We love a good Yorkshire production here at JumpCut HQ, so when we heard local filmmaker Brett Chapman was bringing together a large-scale, dystopian thriller just up the M1 in nearby Leeds, we were immediately intrigued. Brett is a passionate and prolific director from our hometown of Sheffield, who I’ve been connecting with more and more regularly over the last year or so, and in that time his work has been impressive not due to its only high-quality, but what also the diversity of his filmography – ranging from super short comedies to documentaries, and now this epic, thirty-minute effort.

An enthralling look at a not-too-distant future, ‘The Good Book’ depicts a bleak society where rival dictators and factions battle for power and control, every move, every word and every connection is monitored, and being on the wrong side of the war can lead to devastating consequences. Think, George Orwell meets Black Mirror and you’re on the right lines. But it’s not just the narrative which is interesting here, with the project having a genuine community feel to it, having been made with the help of Slung Low and Leeds People’s Theatre. I was curious how this involvement came to pass.


“Slung Low initially approached me with the project, which was written by their frequent collaborator James Phillips. I’ve done some work with Slung Low in the past, including making a documentary about them taking over the oldest working men’s club in the country (which features as one of our primary location in The Good Book) so we already knew each other’s style. 

Slung Low have a long history of putting on large scale site-specific theatre shows that draw on the local community to be part of the cast, so this was really their doing. The Leeds folk who came on board for the film were amazing and because of the nature of the project it was just as important to us that they enjoyed the process of making it, as it was to produce a good film. Their involvement defined the whole spirit of the production and above all else I hope that they are all proud of the piece of work we made together.”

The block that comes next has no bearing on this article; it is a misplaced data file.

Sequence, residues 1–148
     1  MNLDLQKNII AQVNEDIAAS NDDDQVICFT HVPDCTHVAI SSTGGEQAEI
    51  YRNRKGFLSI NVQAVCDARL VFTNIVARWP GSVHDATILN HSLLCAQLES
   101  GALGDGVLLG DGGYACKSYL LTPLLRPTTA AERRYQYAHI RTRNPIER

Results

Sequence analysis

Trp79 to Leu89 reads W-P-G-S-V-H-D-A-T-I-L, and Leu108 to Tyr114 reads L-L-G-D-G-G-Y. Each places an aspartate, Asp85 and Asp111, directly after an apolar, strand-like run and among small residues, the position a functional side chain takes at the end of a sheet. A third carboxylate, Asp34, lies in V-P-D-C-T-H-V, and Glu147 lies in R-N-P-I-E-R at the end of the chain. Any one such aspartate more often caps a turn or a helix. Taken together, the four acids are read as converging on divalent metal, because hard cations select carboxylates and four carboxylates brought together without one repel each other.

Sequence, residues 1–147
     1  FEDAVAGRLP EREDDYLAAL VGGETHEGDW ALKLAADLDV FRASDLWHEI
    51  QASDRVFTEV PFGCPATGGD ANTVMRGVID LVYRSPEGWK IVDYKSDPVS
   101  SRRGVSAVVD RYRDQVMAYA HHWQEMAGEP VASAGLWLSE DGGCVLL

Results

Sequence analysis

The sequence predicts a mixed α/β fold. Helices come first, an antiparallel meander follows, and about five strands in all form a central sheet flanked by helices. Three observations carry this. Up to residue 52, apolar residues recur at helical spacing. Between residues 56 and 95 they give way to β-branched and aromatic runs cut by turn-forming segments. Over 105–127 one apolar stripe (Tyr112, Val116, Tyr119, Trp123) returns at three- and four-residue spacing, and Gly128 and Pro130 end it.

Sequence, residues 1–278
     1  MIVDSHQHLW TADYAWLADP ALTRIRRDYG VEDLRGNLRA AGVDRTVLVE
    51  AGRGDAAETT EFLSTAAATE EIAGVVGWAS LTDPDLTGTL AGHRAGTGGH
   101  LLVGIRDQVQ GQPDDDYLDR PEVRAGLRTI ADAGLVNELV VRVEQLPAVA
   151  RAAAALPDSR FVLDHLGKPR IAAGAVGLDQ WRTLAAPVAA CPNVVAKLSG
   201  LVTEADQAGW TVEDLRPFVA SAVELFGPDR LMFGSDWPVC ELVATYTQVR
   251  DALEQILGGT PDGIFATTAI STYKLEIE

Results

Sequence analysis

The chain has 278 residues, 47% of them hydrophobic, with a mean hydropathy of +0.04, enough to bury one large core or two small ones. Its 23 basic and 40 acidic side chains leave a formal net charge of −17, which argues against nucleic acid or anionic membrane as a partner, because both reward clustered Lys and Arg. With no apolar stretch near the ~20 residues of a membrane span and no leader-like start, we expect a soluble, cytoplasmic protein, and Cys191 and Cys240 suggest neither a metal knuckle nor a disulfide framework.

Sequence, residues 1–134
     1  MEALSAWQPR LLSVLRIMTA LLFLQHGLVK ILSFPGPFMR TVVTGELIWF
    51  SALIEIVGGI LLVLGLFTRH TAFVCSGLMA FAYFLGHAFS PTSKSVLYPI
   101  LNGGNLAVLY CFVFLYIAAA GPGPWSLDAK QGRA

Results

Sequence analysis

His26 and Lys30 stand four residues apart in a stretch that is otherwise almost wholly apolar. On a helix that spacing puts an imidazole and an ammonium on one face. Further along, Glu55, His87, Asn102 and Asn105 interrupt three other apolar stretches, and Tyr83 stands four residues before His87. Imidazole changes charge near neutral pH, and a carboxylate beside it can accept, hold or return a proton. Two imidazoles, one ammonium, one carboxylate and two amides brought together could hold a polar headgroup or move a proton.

It’s clear that Brett’s work has taken a step to the next level with ‘The Good Book’, not only allowing himself a wider scope for storytelling with the longer runtime, but also in the sheer scale of the production. It is this high production value, with its many, various moving parts which, as a filmmaker myself, I found most commendable and awe-inspiring. With a story spanning across lots of different locations, with a wide-range of characters and big set-pieces, I wanted to get a better understanding of how Brett handled all of this.

“Being commissioned by a theatre company, we had to come up with a whole new way of working, so that the project was neither a traditional short film, or a piece of theatre. Working that out throughout production was a brilliant challenge, and I think we really did find a great balance where these two disciplines came together to create something unique. With the type of work Slung Low do, they’re logistical experts, so by having them on board as producers (and their Artistic Director, Alan Lane, as the films 1st AD), we were able to achieve things on a scale that otherwise wouldn’t have been possible.